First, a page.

Resting for a while after a hard crossing

Published on 02.06.2011 - Avannaq 2011

Jacques Poumet at Avannaq's helm while landing on the Head of Kinsale.

Jacques Poumet at Avannaq's helm while landing on the Head of Kinsale.

© Pierre Auzias

Avannaq 2011's crew is resting in Kinsale and enjoys this sheltered place, its beautiful and varied scents.

01/05/2011 : 51° 33' N / 09° 07' W.

They left Kinsale this morning and have arrived in Glandore, our last stop until reaching the west coast. The scenery is amazing.

Anchored at the end of a well provisioned pontoon, they will be resting for another 24 hours, having easily reached the old head of Kinsale the previous day, the weather conditions had been trying nonetheless.

Poor weather and bad visbility

The weather had been rather poor when they departed the Isles of Scilly and the visibility was very limited. Pierre suggested eating prior to leaving for Ireland as the crossing, which was due to be 30% longer than the Channel was looking quite rough.

In the morining, stable winds of 20 knots were forecast for the next 48 hours with force 6 gusts. Avannaq had previously proven she was quite comfortable sail in strong winds. Jacques and Pierre were also comfortable with the prospect of crossing in these conditions and Bertrand was quite willing to go.

During the night, the wind increased to force 6 with gusts of 32 knots and they managed to maintain our speed at 5 to 6.5 knots. When Jacques took the watch, a series of waves proceeded to take on Avannaq. Jacques, that seasoned old salt, took all the elements without flinching. Thumbs up also to our "HPX Musto" jackets that are completely weather proof, not a drop of water reached them. However Pierre was concerned with Avannaq's watertightness. Sea water was rising in the toilet. "The" wave, that will be not be forgotten any time soon, found its way down into the boat and flooded our library as well as some of our navigation equipment, which thankfully continued to function.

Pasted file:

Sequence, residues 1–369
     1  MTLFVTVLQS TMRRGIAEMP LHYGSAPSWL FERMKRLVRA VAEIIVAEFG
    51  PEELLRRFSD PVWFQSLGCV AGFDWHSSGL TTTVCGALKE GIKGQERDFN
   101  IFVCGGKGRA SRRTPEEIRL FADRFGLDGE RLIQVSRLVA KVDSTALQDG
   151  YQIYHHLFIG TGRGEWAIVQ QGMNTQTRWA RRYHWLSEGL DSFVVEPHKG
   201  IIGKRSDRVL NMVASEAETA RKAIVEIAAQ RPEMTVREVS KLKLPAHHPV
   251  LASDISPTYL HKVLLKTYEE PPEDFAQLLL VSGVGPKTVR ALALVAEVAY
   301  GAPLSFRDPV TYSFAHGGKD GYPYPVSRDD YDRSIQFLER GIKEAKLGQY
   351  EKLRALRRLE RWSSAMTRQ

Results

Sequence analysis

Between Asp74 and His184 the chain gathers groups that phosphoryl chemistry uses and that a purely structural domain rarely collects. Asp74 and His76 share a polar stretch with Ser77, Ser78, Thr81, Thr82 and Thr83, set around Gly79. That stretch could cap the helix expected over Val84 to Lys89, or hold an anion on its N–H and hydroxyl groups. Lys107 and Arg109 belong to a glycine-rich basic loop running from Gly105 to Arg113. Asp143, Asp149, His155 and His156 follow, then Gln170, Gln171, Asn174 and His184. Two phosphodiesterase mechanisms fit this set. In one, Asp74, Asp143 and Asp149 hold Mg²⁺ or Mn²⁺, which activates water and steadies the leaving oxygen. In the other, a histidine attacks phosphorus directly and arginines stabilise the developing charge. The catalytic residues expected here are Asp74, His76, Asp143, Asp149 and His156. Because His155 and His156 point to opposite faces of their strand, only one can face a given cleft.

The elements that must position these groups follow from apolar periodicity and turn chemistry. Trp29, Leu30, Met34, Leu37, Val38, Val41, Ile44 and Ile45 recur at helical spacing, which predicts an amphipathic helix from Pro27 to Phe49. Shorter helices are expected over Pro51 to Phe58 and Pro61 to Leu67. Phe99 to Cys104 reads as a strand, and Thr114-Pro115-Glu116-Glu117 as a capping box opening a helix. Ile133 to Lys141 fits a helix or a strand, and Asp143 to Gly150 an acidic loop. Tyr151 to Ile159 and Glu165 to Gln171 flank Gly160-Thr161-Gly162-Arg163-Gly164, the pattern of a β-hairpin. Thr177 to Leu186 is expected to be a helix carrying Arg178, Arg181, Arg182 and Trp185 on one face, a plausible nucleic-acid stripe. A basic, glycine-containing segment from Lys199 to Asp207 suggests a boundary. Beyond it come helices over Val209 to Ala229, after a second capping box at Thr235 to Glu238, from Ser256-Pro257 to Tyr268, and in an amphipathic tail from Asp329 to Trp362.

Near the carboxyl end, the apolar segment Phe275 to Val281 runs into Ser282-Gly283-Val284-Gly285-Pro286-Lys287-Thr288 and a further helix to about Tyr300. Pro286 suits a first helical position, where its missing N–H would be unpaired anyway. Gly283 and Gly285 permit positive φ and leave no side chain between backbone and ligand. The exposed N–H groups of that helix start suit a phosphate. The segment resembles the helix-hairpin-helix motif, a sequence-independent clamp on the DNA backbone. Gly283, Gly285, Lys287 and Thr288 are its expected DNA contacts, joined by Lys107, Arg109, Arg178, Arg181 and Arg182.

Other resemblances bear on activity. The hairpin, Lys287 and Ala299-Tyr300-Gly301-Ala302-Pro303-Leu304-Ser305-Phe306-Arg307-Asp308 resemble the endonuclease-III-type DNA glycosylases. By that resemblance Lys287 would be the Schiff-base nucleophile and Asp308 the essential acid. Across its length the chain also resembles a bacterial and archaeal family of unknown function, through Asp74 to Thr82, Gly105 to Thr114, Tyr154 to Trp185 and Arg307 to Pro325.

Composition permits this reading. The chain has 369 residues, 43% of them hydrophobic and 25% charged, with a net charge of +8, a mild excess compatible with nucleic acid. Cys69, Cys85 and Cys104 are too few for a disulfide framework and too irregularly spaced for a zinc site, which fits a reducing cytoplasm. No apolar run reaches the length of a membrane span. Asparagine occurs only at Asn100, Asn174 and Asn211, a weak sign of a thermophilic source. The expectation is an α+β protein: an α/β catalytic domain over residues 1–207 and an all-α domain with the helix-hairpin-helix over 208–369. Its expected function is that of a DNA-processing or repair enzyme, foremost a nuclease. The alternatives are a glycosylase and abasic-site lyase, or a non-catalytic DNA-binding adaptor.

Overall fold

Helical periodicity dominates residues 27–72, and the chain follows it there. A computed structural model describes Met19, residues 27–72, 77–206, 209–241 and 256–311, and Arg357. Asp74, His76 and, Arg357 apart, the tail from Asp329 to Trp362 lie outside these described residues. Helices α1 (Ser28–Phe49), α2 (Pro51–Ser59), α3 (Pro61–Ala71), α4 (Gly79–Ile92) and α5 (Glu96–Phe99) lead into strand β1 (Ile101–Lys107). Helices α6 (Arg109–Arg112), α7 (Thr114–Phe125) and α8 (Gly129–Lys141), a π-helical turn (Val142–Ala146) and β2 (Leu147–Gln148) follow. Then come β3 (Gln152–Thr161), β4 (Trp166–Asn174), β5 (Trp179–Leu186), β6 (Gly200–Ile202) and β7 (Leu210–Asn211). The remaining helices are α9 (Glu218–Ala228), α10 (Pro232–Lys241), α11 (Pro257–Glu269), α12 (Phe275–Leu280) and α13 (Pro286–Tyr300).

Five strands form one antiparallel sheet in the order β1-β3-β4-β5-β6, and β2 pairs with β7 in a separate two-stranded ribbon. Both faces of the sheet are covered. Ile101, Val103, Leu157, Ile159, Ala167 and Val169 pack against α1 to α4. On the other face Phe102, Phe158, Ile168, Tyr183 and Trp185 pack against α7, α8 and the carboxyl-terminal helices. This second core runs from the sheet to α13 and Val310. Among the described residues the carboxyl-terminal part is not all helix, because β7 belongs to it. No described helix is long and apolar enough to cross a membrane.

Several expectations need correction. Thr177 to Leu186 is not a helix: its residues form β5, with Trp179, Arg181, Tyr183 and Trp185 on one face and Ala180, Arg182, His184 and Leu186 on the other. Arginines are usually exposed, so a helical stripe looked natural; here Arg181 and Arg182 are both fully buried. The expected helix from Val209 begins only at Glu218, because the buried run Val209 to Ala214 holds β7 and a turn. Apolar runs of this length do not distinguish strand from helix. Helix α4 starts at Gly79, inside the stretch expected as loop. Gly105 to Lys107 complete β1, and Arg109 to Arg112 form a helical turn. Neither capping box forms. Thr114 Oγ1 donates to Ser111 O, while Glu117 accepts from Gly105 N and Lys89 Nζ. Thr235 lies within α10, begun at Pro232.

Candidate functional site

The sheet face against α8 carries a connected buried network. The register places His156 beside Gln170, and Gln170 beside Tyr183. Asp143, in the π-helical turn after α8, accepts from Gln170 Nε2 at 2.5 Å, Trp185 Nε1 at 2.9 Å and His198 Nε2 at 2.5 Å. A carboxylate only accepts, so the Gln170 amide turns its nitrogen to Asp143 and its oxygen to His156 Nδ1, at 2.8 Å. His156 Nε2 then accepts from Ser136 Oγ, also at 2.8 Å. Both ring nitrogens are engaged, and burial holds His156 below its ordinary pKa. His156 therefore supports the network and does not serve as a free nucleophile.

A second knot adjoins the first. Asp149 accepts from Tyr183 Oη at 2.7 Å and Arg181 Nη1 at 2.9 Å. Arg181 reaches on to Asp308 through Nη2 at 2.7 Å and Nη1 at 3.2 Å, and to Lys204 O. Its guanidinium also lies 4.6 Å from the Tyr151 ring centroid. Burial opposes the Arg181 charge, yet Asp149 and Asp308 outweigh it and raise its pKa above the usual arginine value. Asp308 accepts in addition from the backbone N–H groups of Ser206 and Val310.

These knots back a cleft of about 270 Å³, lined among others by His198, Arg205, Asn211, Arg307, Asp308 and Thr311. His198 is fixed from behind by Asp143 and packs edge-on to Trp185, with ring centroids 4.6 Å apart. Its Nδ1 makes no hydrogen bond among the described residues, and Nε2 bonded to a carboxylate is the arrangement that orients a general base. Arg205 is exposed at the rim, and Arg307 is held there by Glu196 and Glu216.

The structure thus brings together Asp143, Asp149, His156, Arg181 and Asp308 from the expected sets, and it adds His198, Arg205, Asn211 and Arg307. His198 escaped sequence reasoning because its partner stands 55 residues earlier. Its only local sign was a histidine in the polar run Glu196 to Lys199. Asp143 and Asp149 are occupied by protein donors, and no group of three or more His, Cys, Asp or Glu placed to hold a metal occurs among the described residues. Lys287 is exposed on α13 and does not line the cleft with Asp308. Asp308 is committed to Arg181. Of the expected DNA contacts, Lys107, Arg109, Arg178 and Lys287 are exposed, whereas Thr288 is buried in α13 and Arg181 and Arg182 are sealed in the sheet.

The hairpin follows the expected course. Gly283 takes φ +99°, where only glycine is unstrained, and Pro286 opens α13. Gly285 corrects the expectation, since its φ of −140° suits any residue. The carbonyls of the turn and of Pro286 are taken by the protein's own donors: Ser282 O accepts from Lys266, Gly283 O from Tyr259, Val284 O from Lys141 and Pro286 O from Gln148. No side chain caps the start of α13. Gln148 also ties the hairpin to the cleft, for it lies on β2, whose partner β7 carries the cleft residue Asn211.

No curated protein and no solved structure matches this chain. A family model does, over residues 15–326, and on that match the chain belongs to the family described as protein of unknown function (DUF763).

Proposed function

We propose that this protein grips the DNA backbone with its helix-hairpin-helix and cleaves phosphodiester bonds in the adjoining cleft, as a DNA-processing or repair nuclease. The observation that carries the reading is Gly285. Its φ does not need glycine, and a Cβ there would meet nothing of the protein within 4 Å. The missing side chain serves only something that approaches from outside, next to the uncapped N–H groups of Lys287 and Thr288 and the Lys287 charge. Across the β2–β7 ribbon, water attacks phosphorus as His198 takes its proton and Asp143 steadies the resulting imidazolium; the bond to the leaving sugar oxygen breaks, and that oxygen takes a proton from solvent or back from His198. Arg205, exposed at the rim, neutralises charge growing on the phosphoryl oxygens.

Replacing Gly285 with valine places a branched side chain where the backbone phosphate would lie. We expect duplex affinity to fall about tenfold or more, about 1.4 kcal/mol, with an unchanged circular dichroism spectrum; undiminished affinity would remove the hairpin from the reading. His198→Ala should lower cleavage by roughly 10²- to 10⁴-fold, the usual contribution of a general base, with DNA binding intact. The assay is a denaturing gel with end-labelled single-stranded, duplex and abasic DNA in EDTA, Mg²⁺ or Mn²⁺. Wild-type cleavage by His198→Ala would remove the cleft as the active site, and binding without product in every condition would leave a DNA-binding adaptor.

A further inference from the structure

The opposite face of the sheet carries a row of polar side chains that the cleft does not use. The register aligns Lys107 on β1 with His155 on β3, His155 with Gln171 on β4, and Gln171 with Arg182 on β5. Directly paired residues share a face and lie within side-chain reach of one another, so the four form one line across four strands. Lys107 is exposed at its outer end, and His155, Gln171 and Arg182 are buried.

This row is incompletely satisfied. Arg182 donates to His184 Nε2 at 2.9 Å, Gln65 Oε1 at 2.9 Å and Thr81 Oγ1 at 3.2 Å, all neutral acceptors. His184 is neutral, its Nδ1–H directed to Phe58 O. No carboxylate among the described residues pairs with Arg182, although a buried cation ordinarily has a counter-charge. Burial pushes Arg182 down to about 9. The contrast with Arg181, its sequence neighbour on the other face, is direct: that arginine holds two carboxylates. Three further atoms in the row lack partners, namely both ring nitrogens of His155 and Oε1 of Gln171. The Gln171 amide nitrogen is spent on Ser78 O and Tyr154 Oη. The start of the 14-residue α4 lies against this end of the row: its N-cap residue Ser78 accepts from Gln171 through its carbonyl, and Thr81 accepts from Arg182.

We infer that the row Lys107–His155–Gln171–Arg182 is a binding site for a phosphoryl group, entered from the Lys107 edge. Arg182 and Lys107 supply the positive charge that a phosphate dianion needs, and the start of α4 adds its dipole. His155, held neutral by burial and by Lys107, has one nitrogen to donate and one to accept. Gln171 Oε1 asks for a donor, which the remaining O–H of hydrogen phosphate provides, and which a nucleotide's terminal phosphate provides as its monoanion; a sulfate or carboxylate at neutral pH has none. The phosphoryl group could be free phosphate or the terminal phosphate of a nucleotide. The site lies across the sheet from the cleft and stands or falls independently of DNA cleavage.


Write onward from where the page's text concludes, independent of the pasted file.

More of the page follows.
The winds gradually receded as they made our way towards the Old head of Kinsale and they arrived in Kinsale on the 29th at 7pm on a flat sea ... 

Cows were grazing on the fields ahead, distant murmurs of a fiddle in the air, Charles Fort's fortifications commanding the entrance to Kinsale with the prospect of a Guinness and the unavoidable Fiddel.

The skipper had not slept during the night. However Jacques and Bertrand who had both managed to squeeze 4 hours of sleep were in great shape to completely clean the boat before dinner.

Above : Charles Fort / Below : Head of Kinsale's lighthouse

Above : Charles Fort / Below : Head of Kinsale's lighthouse

© Pierre Auzias

" This will constitute an ever lasting challenge to us..."

Excerpts from their logbook : "...The sound of a guitar in a pub, a ballad from Christy Moore sang in a full voice: we are such a long way from England. Indeed, such a long way from our partners too, with whom we can never share these intense experiences. This will constitute an ever lasting challenge to us.

Benjamin, our blog translator paid us a visit from Cork City, which was a moving encounter as he is a close friend of Bertrand. Jacques and Pierre had not met him previously. An old bottle of Calvados (1975 if you please !) offered by Victor and Geneviève was at long last open. What a nectar this was ...

Yesterday we discovered the origin of the leaks which were repaired, along with another few minor issues.

The morale remains just as high and this episode is certain to have fostered fond memories.

During the 145 nautic miles, 27 hours long crossing, not one boat was to be seen. This beautiful experience confirmed that our crew is now one fully functional and united body. ..."

See also our pictures galleries related to this voyage (already 4 galleries published)

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